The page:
But I also went to some conventions.  And I sold some books there, and some sketches, and a poster or two.  And a pile of caricatures.

And here I have a project that I own, which is nothing like doing advertising cartoons.

So, on the whole, I’m on the right side of things.

On the other hand, I’m so pressed for time that my family doesn’t really see me enough.  But they like the Hubris cartoons, so maybe that’s a wash, too.

And now we come to the point.  I’m finally doing a Patreon program for Hubris.

I remember when cable was first a thing, and TV was no longer ‘free’.  It seemed nuts.  Now, cable is falling to companies like NetFlix, where you pay to get exactly what you want and hang the commercials.  Hubris could follow suit.

So here’s your chance to join Team Hubris.  Not every reader will, or even CAN. The rule of thumb seems to vary, depending on who you ask- half of one percent of readers will pay, some say.  Some make it nearly five percent.  The pie-in-the-sky Public Radio style logic is easy- if everyone that read the strip every day was a Patreon for, say, three dollars a month, then I could forego a lot of the other work I now take and Hubris would, like the newspaper comic strips of Yore, run seven days a week, every week, all year.  Plus, there’d be a few dollars to buy up more advertising to raise the readership to the point where, on a sunny day in a perfect world, the secondary and main goal of the Patreon program would kick in, and I would quit doing advertising cartoons and there’d be a Hubris cartoon every day, plus a secondary feature of reader features, product reviews, videos, funny stories and all the rest.  And all the Patrons would receive a ‘Team Hubris” embroidered patch so we could all get together for the Pizza Party at the Conventions.  If you don’t wear your patch, I’m not buying your pizza.  You know how it is.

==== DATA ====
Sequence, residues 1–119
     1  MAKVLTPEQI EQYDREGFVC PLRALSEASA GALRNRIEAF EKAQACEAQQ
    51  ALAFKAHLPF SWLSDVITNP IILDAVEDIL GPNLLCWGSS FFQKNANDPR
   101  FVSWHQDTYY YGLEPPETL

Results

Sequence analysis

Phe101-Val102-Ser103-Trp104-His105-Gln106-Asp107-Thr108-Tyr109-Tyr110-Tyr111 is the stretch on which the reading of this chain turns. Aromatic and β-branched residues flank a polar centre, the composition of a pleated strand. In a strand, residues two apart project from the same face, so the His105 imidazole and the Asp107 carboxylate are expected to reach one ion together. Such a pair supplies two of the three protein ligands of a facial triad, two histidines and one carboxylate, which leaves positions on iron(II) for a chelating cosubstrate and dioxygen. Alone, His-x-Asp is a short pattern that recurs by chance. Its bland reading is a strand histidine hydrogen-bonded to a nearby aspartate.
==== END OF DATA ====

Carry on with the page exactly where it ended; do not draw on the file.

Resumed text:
Like I said, though, not everyone would or even could put in a dollar or two a month.  I paid to get past “Mysterious Universe”s paywall for a few years and really enjoyed the podcasts they were able to field with the money I and who-knows-how-many others sent in every month.  But I still haven’t gotten onto “Skeptoid”s micropayment plan like I ought to, since I enjoy those podcasts every week, too.  And, frankly, not everyone has two bucks or ten or whatever to just throw at a cartoonist every month.  Frankly, like cable TV all those years ago, it sounds crazy on the face of it.

But some of you ARE crazy.  Just like me.

And for the craziest of you.  Click HERE.